Because this system carries the designation BEST , it must be the best  onsite treatment technology available.  And, if the best available onsite technology cannot even come close to meeting the standard necessary to protect the Bay, then NO onsite technology exists that can meet the standard.  Right?

Since no onsite technology is capable of meeting the standard.....the public gets to pay more and more money for big pipe sewers, massive lift stations, back-up generators, huge treatment plants and hundreds of additional personel to provide full time operation and maintenance.  Pretty clever, don't you think?

This is why Maryland, and other states, are reluctant to consider systems that actually meet the regulations.  If they allow affordable onsite systems producing compliant effluent at an affordable price, they lose the argument that no systems can meet the standards and the only way to save the groundwater is to build expensive, revenue generating sewage treatment plants.

I am not taking issue with a requirement to maintain an onsite system.  What bothers me is that the regulatory agencies choose to use fear as motivation.  If they can convince you that you are in danger, you are more likely to surrender to them in return for their protection.  Many manufacturers play directly into this opting for the quick buck rather than developing systems that will function reliably for long periods of time.

The most favorable conditions for an advanced onsite system would be warm temperatures and elevation at or near sea level.  Warm temperatures increase the activity of the microorganisms that are responsible for treating the wastewater and, because these microorganisms need oxygen, lower elevations translate to higher oxygen concentration.  In contrast, the harshest conditions for an onsite system is cold temperature and high elevation.  I have compared Eliminite systems operating in Montana and Colorado(cold climate, high elevation) to Best Available Technology operating, for example in Maryland(warm climate, low elevation) and found that the Eliminite systems in the harsh conditions discharge less than half the nitrogen of the systems operating in the favorable climate. 
With Eliminite systems operating in warmer climates, we see about five times less nitrogen being discharged.  Also, and this is important, the Eliminte system costs thousands less.

Sunday, June 10, 2012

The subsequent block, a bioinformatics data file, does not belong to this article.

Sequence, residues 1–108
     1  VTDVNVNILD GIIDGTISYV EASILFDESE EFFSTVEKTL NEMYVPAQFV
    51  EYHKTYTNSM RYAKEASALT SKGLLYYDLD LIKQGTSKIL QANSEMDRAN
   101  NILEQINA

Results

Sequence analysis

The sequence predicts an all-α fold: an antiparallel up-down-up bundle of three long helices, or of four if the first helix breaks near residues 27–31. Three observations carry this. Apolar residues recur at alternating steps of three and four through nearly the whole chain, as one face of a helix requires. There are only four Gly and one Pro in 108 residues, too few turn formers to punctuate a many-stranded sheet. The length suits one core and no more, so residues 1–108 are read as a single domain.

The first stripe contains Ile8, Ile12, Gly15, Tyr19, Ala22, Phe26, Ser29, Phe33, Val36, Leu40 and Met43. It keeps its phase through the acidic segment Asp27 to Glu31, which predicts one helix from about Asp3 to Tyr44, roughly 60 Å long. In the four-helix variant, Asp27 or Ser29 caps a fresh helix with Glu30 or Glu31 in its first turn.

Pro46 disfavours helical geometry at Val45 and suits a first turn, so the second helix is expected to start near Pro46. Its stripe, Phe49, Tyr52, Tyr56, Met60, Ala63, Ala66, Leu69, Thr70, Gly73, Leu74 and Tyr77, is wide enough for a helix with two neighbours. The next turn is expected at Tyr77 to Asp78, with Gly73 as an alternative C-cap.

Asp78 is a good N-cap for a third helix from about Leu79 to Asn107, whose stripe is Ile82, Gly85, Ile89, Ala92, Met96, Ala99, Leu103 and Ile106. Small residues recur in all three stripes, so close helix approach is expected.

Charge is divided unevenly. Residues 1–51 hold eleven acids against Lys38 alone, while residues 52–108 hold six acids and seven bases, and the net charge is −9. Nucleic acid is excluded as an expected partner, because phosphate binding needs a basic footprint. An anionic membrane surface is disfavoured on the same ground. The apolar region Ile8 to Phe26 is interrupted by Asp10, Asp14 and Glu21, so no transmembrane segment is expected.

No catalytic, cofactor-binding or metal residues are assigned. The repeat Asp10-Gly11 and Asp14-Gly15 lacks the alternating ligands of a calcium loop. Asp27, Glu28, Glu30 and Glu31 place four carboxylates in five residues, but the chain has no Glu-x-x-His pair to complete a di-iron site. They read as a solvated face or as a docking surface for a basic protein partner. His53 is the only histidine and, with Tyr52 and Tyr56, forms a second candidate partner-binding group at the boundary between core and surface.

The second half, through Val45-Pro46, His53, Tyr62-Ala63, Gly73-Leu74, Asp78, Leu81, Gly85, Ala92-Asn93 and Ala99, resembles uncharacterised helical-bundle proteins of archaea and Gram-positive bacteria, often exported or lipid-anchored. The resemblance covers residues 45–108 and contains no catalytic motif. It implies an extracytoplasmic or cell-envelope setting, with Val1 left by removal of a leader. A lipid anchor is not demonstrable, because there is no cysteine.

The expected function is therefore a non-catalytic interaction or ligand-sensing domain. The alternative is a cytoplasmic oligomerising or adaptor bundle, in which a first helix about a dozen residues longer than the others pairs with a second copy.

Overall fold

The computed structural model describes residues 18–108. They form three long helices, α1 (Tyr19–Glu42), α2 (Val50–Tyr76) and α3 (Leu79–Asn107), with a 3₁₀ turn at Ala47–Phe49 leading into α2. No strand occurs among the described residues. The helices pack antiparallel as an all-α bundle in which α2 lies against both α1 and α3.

Recent News

Highway Rest Areas
The wastewater treatment systems at the rest areas are performing beyond expectations.  We pulled a sample on Memorial Day weekend and sent it off to the lab for analysis.  Influent from  these facilities is quite concentrated; Bod runs 1500 to 4000 mg/l, total nitrogen is 350 to 500 mg/l.   Here are the effluent results:
Total Kjeldahl Nitrogen as N 11.0 mg/L
Ammonia as N 8.07 mg/L
Nitrate + Nitrite as N 20.5 mg/L
Total Nitrogen 31 mg/L
Carbonaceous BOD, mg/L 3.6 mg/L
Total Suspended Solids, mg/L 12 mg/L
These results are better than what most systems can achieve with residential wastewater.  The state of Maryland’s, Bay Restoration Fund, using what they refer to as “Best Available Technology” fails to produce results this good even though those systems are receiving household wastewater.   

Back from Colorado
We were in Colorado last week again working on a nice project.  We are providing  expertise helping the developer gain county approval for a small residential PUD.  It was interesting to hear from other members of the development about the last project they worked on that used onsite systems.  In a conscientious move, the developer committed to requiring  advanced treatment systems on each lot.  They selected a system and wrote the manufacturer into the guidelines.  Once the project was approved, once the manufacturer figured they were locked in, we were told by the development team that the manufacturer raised their prices to the homeowners dramatically.   I am sure we will be installing Eliminite systems at that development this summer because our initial cost is thousands of dollars less and our maintenance costs are much lower.

West Yellowstone Montana
It looks like an existing development in West Yellowstone, Montana, will continue to pollute groundwater with its failed sewage system for at least another year. This is in spite of the fact that it is under an administrative order to replace the system and that all the necessary funding is in place.  In my opinion this is a crime against the environment and is unequivocally due to the incompetence of the project engineer. 

 The engineer was determined to conduct an unfair RFP process by specifying only a single advanced treatement system manufacturer.  The Dept. of Environmental Quality had to force the engineer to hold a fair Request For Proposals.  However, the the engineer was so singularly focused on ommitting  other manufacturers from the bidding that they fouled up important aspects of the project such as the discharge permit.  In the end, I heard their preferred vendor backed out because they could not meet the final discharge permit limits.   The limits were not even that restrictive....we meet them all the time. 

The whole thing was so clearly rigged that we did not even waste our time submitting a proposal.   The sad thing is we could have completed the project for ten of thousands of dollars less than the bid they selected and could have had it completed in about two months. But instead, the sewage lagoon continues to leak raw wastewater into the groundwater a few miles from Yellowstone National Park.   Wastewater isn't the only "dirty" aspect of this business.

Sunday, June 3, 2012